3 Ways to Remember the Reformation

Since today is a particularly significant Reformation Sunday, I’m going to forego my usual weekend links wrap and instead repost an updated version of my most recent piece for The Anxious Bench.

“A red-letter date looms,” wrote Tal Howard in one of his many recent books, “31 October 2017, the five-hundredth anniversary of the Reformation, the widely recognized date when Martin Luther putatively nailed his 95 Theses on the Castle Church door in Wittenberg, Saxony, and thereby introduced into the stream of history what came to be called ‘Protestantism.’” Here we are, two days from that date, and Tal’s ensuing question still lingers:

“Why and how should one go about marking such a momentous milestone?”

Just here in the Twin Cities, this weekend and coming days feature everything from worship to workshops, plus the debuts of a Reformation-inspired symphony and a play in which the Devil prosecutes Martin Luther — with Sigmund Freud and Pope Francis as witnesses! And there’s certainly no shortage of new books to read. I’m currently in the middle of Brad Gregory’s Rebel in the Ranks: Martin Luther, the Reformation, and the Conflicts That Continue to Shape Our World.

But let me suggest that Protestants — perhaps all Christians — should approach this date with something more than commemoration or continuing education as our goal.

We should use October 31st as a cue to practice remembrance.

Christians of all theological stripes do this whenever they take the Eucharist “in remembrance of” Jesus Christ. But what I have in mind actually stems from an older biblical tradition: the remembrances commanded in the Torah.

After all, the bread and cup of the Christian communion table originate with the Passover meal commanded in the Book of Exodus: “This day shall be a day of remembrance for you. You shall celebrate it as a festival to the Lord; throughout your generations you shall observe it as a perpetual ordinance” (Ex 12:14). And consider how often the author of the Book of Deuteronomy instructs Jews either to remember or not to forget.

What strikes me about these texts of remembrance is that they almost always tie memory of the past to action in the present. Three examples:

Remember that you were a slave in the land of Egypt, and the Lord your God brought you out from there with a mighty hand and an outstretched arm; therefore the Lord your God commanded you to keep the sabbath day. (Deut 5:15)

If a member of your community, whether a Hebrew man or a Hebrew woman, is sold to you and works for you six years, in the seventh year you shall set that person free. And when you send a male slave out from you a free person, you shall not send him out empty-handed. Provide liberally out of your flock, your threshing floor, and your wine press, thus giving to him some of the bounty with which the Lord your God has blessed you. Remember that you were a slave in the land of Egypt, and the Lord your God redeemed you; for this reason I lay this command upon you today. (Deut 15:12-15)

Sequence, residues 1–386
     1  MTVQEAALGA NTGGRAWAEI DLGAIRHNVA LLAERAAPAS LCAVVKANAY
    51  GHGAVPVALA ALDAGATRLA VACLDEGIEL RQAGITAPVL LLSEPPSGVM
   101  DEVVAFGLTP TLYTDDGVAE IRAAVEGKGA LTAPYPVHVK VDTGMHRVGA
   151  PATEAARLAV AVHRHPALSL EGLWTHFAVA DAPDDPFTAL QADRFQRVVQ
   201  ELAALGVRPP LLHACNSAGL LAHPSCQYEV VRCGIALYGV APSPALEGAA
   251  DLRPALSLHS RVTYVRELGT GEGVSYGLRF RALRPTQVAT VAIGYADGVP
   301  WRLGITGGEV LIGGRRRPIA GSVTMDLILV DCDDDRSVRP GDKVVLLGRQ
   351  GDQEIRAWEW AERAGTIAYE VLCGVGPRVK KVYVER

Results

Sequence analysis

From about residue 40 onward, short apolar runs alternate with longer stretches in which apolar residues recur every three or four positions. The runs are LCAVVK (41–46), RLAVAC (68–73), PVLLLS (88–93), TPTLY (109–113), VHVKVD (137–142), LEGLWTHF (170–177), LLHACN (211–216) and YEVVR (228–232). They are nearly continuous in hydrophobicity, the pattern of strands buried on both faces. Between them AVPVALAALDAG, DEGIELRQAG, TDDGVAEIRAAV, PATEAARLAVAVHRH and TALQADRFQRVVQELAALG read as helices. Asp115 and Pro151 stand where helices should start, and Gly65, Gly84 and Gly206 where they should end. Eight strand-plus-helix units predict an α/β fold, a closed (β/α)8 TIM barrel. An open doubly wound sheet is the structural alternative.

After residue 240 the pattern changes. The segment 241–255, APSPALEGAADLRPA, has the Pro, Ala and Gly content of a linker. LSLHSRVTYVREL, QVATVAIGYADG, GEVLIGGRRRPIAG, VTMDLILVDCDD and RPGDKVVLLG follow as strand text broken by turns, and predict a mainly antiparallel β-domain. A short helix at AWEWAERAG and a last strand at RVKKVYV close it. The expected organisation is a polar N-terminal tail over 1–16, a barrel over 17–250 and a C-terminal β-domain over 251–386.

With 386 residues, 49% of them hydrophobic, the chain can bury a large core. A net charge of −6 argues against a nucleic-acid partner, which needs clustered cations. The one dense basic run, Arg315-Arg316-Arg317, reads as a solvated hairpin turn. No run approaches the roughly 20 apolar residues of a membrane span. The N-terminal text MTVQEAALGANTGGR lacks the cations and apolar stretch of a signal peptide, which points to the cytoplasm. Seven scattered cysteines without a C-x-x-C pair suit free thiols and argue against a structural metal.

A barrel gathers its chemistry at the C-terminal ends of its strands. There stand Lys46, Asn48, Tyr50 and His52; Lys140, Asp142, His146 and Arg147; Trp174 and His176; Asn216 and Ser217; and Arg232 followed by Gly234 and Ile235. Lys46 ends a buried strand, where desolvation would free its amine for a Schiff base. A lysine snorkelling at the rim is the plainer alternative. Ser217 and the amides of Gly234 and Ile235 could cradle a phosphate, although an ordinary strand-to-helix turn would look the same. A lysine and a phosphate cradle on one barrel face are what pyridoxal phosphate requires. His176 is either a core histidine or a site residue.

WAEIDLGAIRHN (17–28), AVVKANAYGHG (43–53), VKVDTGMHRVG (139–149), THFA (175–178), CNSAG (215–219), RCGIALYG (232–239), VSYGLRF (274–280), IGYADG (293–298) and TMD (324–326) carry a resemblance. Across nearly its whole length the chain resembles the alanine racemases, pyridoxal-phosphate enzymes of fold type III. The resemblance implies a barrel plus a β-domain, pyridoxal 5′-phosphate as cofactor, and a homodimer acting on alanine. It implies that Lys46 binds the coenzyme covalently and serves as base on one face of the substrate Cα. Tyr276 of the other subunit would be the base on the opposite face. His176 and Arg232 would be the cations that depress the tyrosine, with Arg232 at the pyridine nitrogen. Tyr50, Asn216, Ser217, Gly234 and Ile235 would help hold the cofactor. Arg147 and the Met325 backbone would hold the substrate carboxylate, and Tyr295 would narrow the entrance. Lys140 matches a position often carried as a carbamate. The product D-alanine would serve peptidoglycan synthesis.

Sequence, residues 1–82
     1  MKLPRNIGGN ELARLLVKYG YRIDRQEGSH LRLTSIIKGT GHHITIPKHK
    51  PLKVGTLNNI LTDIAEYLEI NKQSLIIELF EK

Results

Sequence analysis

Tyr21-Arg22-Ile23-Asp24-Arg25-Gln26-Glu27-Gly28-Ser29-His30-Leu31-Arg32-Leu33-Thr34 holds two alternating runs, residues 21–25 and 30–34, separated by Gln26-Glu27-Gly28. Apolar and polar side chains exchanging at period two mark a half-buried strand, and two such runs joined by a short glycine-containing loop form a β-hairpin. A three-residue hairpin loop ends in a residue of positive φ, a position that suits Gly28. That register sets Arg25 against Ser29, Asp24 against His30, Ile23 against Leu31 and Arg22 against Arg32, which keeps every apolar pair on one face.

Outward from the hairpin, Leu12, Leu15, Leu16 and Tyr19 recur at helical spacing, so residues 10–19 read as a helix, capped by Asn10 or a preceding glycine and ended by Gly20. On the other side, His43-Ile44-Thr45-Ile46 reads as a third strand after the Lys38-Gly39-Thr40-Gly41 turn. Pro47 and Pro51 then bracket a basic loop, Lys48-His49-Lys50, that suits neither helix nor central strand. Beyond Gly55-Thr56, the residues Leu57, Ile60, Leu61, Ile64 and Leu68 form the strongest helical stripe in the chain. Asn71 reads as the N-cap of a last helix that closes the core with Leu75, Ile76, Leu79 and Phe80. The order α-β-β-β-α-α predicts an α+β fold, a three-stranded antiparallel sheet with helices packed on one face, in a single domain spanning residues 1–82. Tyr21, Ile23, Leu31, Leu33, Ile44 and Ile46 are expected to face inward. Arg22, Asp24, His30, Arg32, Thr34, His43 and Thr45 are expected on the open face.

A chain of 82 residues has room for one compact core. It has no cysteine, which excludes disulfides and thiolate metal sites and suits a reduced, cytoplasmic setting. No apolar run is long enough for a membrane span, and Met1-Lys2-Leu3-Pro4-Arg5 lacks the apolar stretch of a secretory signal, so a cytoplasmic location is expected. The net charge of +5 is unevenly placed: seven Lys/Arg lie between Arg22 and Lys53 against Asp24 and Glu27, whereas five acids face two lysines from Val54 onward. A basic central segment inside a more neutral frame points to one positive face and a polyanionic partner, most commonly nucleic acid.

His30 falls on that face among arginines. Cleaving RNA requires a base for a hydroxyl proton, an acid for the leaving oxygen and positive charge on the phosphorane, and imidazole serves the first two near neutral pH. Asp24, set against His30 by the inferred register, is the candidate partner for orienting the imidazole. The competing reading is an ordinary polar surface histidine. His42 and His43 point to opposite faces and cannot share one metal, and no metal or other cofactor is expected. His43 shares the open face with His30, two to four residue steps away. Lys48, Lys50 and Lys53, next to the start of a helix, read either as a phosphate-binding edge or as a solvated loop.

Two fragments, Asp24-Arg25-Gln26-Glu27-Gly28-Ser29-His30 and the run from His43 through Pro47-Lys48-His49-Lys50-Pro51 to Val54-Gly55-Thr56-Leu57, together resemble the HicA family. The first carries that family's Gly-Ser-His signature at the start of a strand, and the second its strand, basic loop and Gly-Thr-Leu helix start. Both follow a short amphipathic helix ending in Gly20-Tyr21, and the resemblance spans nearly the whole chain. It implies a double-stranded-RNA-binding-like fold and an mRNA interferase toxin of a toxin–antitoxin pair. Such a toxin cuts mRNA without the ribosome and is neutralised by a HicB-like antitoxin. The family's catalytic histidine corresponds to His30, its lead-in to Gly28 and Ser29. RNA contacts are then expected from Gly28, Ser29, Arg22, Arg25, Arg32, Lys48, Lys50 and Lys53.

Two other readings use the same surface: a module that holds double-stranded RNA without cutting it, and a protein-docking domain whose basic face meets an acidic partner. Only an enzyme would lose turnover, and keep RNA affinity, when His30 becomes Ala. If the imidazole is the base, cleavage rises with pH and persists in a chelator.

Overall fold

You shall not deprive a resident alien or an orphan of justice; you shall not take a widow’s garment in pledge. Remember that you were a slave in Egypt and the Lord your God redeemed you from there; therefore I command you to do this. (Deut 24:17-18)

So what would it look like if we approached #Reformation500 commemoration in this spirit? I think we Protestants might remember our historical roots by taking three actions:

Painting of Luther posting the 95 Theses
Julius Hübner’s highly idealized 19th century version of Luther posting the 95 Theses – Wikimedia

Remember that you are a descendant of the Reformation; receive and extend grace.

“Luther,” observed Alec Ryrie, in the book I discussed this summer, “pursued his love for God with blithe disregard for the bounds set by church and tradition. It was an intense, desolating, intoxicating passion, sparked by his life-upending glimpse of God’s incomprehensible, terrible, beautiful love for him. Like any lover, he found it incredible that his beloved should love him, unworthy as he was. And yet he discovered over the long years of prayer and study that God loved him wildly, irresponsibly, and beyond all reason.”

We make the wild, irresponsible, and unreasonable love of God perhaps too tidy when we reduce it to a phrase like sola gratia. But if we do nothing else to remember Luther’s reformation, we should pause to revel in the grace of a God who loved us to the incomprehensible degree of sending us his Son.

But we should then confess that, as Philip Yancey once put it, we Christians often think grace to be a “scandal,” when it’s actually “Christianity’s best gift to the world, a spiritual nova in our midst exerting a force stronger than vengeance, stronger than racism, stronger than hate.”

And then we should respond: gratefully, giving thanks back to grace’s Giver; and graciously, by forgiving those of our fellow unworthies who have sinned against us.

Remember that you are a descendant of the Reformation; encounter God at the “living altar” of Scripture